CEP in the Las Vegas Sun: Candidates need to know about Nevada’s energy issues2012-02-06 07:38:00
by Rocky Fernandez, CEP Communications Director
This past weekend, the Las Vegas Sun ran our Op-Ed encouraging candidates to know, understand, and address Nevada's energy issues and jobs potential. From the Sun:
In the coming days and months, many candidates for the 2012 elections will visit Nevada to speak out on issues affecting our state. If you are one of those candidates, this letter is for you. For a state struggling with high unemployment, it’s important for our future leaders to know key facts about the Silver State’s energy resources and jobs potential.
First and foremost: Nevada has none of the fossil fuel resources that other states have to put people back to work. According to the U.S. Energy Information Administration, Nevada ranks 47th among the states in total energy production. The state has no coal or natural gas to speak of and extracts a minute amount of oil each year, representing a microscopic percentage of U.S. production.
Let me be clear: It’s not bureaucracy holding back job creation in the fossil fuel industry in Nevada. Oil, coal, and natural gas reserves simply don’t exist in Nevada. We buy our fuel for electricity generation and transportation from out of state, sending an average of $1 billion per year out to their economies. This creates jobs for those states, but not for ours.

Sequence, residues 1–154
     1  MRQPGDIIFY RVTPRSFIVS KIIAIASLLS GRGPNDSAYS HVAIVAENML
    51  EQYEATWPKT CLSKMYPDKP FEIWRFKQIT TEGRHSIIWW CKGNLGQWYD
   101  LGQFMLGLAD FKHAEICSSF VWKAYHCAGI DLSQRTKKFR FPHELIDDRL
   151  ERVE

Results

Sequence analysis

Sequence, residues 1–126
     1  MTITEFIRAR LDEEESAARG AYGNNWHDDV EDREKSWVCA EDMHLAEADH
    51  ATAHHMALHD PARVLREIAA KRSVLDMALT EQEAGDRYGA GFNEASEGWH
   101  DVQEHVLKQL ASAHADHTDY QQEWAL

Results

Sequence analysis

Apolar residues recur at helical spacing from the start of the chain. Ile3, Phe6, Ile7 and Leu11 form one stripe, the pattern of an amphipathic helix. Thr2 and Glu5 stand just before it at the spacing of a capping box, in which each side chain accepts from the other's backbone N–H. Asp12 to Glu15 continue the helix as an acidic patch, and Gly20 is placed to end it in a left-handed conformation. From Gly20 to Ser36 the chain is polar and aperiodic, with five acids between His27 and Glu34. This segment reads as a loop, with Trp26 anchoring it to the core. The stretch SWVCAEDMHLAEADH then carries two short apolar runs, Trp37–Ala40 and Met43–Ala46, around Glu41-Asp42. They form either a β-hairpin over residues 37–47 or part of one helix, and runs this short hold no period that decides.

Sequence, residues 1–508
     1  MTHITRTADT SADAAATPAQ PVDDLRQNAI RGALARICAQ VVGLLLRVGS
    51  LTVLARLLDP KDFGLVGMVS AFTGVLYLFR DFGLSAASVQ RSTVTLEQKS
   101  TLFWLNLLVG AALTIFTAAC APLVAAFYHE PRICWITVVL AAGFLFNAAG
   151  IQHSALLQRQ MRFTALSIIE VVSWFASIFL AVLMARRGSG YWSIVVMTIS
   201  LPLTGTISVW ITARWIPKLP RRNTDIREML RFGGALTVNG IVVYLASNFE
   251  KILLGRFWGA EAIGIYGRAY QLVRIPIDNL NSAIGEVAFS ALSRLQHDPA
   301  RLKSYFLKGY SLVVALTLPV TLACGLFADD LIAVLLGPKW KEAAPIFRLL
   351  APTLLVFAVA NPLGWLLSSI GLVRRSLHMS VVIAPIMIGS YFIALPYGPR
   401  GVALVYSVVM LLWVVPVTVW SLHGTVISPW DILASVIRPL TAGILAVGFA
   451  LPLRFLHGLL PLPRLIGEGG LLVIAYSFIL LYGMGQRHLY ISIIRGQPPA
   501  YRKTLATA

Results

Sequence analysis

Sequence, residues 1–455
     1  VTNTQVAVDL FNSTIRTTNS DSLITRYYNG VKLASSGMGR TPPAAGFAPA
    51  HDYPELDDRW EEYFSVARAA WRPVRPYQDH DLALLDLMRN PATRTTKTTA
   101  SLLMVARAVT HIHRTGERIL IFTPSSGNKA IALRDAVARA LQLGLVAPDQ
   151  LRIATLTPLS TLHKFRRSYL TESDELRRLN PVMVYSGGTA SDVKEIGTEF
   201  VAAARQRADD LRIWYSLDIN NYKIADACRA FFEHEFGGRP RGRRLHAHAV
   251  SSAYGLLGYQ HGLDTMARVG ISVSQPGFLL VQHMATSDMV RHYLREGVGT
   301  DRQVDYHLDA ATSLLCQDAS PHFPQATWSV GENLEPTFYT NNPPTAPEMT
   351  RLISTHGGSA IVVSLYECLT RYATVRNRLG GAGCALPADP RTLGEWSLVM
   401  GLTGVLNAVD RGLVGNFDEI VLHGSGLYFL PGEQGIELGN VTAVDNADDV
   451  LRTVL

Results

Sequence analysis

Nuclear energy generation isn’t a viable option, either. There simply isn’t enough water here to meet the needs of a modern nuclear plant.
Nevadans support a clean energy economy. We know we have significant renewable resources to tap, including energy efficiency. A lot of the buildings erected in the past two decades could be upgraded to become less wasteful of energy and more comfortable to live in, while putting construction workers back on the job.
These approaches are the real job-creators for unemployed Nevadans. Thanks to good public policy decisions and key incentives, Nevada already leads the nation in per-capita solar and geothermal generation, as well as in energy-efficient LEED-certified building space. But for a state that still imports most of its energy, it’s simply not enough. Key federal incentives need to be extended for renewable energy similar to the way we’ve made government assistance to out-of-state fossil fuel industries near-permanent in our tax code. The expiration of those incentives places Nevada’s energy sources at a competitive disadvantage on the national energy playing field and stifles our recovery.
Controversial oil pipeline proposals will do nothing for Nevada’s economy or job market. We need to hear from candidates that they understand these facts about our state, leave the drilling proposals back east, and propose ideas and strategies for helping the state produce home-grown solar, geothermal, efficiency, wind, and transmission that are the only sources for energy jobs in Nevada.
Rocky Fernandez is communications director of the Clean Energy Project, which is based in Las Vegas.
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